Meanwhile, up in Montana, Missoula initiative organizers are gearing up for a final push to victory in the face of opposition from local law enforcement and youth substance abuse prevention groups. "We're dealing with the Reefer Madness mentality," said campaign spokesperson Angela Goodhope. "The cops and the substance abuse people make these outrageous claims that everybody is going to start smoking pot, but they don't have any evidence to back them up. We know that liberalizing drug laws in other places has not led to an increase in drug use."
Although initiative backers can easily rebut such claims, it is difficult to match the media access available to police, said Goodhope. "It's tough to combat them if the media just prints this stuff uncritically," she said. "They are also claiming -- falsely -- that if the initiative passes, they will lose federal funding."
But while there is organized opposition in Missoula, it is also the Montana county most likely to be friendly to a lowest priority initiative. Home to the University of Montana, the city has a reputation in the Big Sky state as a mecca of free-thinkers. According to Goodhope, activists across the state met last year after the successful statewide medical marijuana vote, analyzed the results, and found the strongest support in Missoula County.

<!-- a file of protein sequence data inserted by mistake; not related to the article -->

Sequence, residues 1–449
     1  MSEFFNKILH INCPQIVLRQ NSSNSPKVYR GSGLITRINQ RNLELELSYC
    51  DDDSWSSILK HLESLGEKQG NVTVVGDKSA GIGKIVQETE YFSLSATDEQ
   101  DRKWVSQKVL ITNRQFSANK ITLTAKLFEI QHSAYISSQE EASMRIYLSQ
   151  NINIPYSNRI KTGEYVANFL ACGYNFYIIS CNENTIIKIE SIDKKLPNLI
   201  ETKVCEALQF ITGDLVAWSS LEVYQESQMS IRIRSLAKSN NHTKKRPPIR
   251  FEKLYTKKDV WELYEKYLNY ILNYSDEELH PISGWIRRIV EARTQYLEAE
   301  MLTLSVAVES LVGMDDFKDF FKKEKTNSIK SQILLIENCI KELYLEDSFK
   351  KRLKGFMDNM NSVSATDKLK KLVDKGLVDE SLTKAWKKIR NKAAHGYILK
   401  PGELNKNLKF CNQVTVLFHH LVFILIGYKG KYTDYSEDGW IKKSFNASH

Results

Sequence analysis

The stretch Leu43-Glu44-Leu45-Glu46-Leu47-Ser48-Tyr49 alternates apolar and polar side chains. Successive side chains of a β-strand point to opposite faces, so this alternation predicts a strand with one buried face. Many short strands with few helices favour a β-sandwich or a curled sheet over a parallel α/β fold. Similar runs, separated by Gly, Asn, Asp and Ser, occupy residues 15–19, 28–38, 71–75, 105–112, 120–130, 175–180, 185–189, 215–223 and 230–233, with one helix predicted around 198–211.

But Goodhope is nervous as the days tick down. "I stay awake at night thinking about what we can do, what new tactic we can use, what it's going to take for us to win this," she said.
And down in Arkansas, activists affiliated with local NORML chapters have focused on the eccentric small town of Eureka Springs, another bastion of free-thinkers in a conservative state. "Eureka Springs is a special place," said Kelly Maddy of Joplin NORML just across the state line in Missouri. "We originally were aiming at Fayetteville, but when we saw we were coming up short, Eureka Springs was the natural fallback," he said.
Again, law enforcement is proving the biggest obstacle, with local police in Eureka Springs saying they will not enforce the local ordinance if it passes, but will continue to arrest people under state law. "They may not want to enforce the lowest priority law, but if it passes, it will be clear signal to police what the voters want," he said.
In about 10 days, we shall see how the political landscape has shifted and whether we will have five more communities that have essentially rejected marijuana prohibition.